FORT LAUDERDALE, Fla. (5/1/14)--Final rules for the Affordable Care Act (ACA) have been issued, and credit unions need to make sure they are compliant, advised two experts at the CUNA HR/TD Council Conference in Fort Lauderdale, Fla., Tuesday.
During the session on health care reform, Annette Bechtold, senior vice president of regulatory affairs, Digital Benefit Advisors (DBA), and Brad Pricer, senior manager of product management, CUNA Mutual Group, made their message clear: "The time is now to act and get your health and welfare benefit plans in order."
Bechtold said in the process of issuing final rules, the government has in some cases made it more complicated by adding transition elements.
"The ACA is still a changing law and will likely continue to be so," Bechtold told the audience. She cited the April 1, 2014, repeal of the annual deductible limit for small health plans for 2014. The limit was originally to be $2,000 for self-only coverage and $4,000 for family coverage.
The duo noted some final rule details that credit unions should be aware of:
Pricer said the Department of Labor (DOL) is continuing to audit ACA compliance. Compliance is important not only for ACA but for other programs such as the Employee Retirement Income Security Act, which provides for health and welfare plans.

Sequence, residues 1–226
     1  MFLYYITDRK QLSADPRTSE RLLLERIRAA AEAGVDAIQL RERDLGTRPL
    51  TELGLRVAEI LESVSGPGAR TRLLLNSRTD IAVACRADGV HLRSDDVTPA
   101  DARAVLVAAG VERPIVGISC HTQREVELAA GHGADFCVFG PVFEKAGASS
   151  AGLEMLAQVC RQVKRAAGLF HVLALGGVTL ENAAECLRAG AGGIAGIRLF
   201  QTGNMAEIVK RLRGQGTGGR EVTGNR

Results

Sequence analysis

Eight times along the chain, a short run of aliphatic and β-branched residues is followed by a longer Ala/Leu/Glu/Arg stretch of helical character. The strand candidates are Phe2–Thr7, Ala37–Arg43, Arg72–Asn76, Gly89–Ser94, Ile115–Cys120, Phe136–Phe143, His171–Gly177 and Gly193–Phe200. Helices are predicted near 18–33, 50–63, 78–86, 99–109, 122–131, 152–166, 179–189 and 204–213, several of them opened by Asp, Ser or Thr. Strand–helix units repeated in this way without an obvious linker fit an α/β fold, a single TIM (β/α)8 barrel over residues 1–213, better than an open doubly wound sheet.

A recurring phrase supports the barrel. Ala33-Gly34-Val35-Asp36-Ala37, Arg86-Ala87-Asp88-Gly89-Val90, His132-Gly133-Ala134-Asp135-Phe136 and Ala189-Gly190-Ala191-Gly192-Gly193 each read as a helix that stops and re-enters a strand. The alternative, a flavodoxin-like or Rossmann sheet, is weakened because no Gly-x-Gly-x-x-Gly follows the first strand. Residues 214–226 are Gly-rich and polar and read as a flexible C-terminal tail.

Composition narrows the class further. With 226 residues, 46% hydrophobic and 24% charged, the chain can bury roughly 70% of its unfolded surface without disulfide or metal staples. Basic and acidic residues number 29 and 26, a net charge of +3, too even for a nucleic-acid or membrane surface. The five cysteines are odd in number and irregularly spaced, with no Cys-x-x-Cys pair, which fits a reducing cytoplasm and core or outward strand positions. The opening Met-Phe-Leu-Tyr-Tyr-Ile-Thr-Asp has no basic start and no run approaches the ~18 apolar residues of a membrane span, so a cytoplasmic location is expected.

"If a credit union plan is audited, the DOL won't just be looking at the credit union's ACA compliance, but all compliance aspects of their health and welfare benefit plans," Pricer said. "For example, does the credit union have proper Summary Plan Descriptions distributed to plan participants? Are any required IRS Form 5500s being filed?"
These aren't requirements of the ACA, but they could potentially trigger fines if the credit union is non-compliant, he added. Pricer said he still is unaware of any credit unions that have actually been audited for ACA compliance. However, Bechtold added her company has seen employers in other industries audited.
"At this point, audits are likely the result of complaints from employees, not random. However, after additional reporting requirements go into effect in 2016, random audits are likely to increase," she said.
Pricer discussed health care exchanges, also known as marketplaces, by providing an overview of the public exchanges offered through the ACA and the potential offerings from private exchanges.
If an appropriate private exchange is available in a credit union's area, it could allow the credit union to change how it funds health insurance for employees. "Essentially the credit union could switch to a defined contribution approach from a traditional defined benefit approach to plan funding," Pricer said. "This shift in funding strategies could help credit unions save money and better estimate the cost of providing health insurance year-over-year."